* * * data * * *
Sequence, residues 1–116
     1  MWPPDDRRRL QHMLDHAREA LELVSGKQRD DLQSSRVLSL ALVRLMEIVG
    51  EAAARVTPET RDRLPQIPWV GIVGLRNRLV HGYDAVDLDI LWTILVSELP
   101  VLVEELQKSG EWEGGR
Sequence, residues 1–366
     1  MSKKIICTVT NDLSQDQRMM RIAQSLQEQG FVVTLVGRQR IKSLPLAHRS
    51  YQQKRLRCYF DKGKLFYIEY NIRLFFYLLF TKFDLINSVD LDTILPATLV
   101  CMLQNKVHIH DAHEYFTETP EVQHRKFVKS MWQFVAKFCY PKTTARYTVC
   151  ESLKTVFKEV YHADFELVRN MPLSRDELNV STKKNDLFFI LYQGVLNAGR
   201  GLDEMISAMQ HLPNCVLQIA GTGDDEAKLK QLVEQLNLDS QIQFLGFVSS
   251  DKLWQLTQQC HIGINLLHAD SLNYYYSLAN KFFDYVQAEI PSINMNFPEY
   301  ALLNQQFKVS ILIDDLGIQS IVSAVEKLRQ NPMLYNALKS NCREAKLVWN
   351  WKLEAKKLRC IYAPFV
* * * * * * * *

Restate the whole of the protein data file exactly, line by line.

Sequence, residues 1–116
     1  MWPPDDRRRL QHMLDHAREA LELVSGKQRD DLQSSRVLSL ALVRLMEIVG
    51  EAAARVTPET RDRLPQIPWV GIVGLRNRLV HGYDAVDLDI LWTILVSELP
   101  VLVEELQKSG EWEGGR
Sequence, residues 1–366
     1  MSKKIICTVT NDLSQDQRMM RIAQSLQEQG FVVTLVGRQR IKSLPLAHRS
    51  YQQKRLRCYF DKGKLFYIEY NIRLFFYLLF TKFDLINSVD LDTILPATLV
   101  CMLQNKVHIH DAHEYFTETP EVQHRKFVKS MWQFVAKFCY PKTTARYTVC
   151  ESLKTVFKEV YHADFELVRN MPLSRDELNV STKKNDLFFI LYQGVLNAGR
   201  GLDEMISAMQ HLPNCVLQIA GTGDDEAKLK QLVEQLNLDS QIQFLGFVSS
   251  DKLWQLTQQC HIGINLLHAD SLNYYYSLAN KFFDYVQAEI PSINMNFPEY
   301  ALLNQQFKVS ILIDDLGIQS IVSAVEKLRQ NPMLYNALKS NCREAKLVWN
   351  WKLEAKKLRC IYAPFV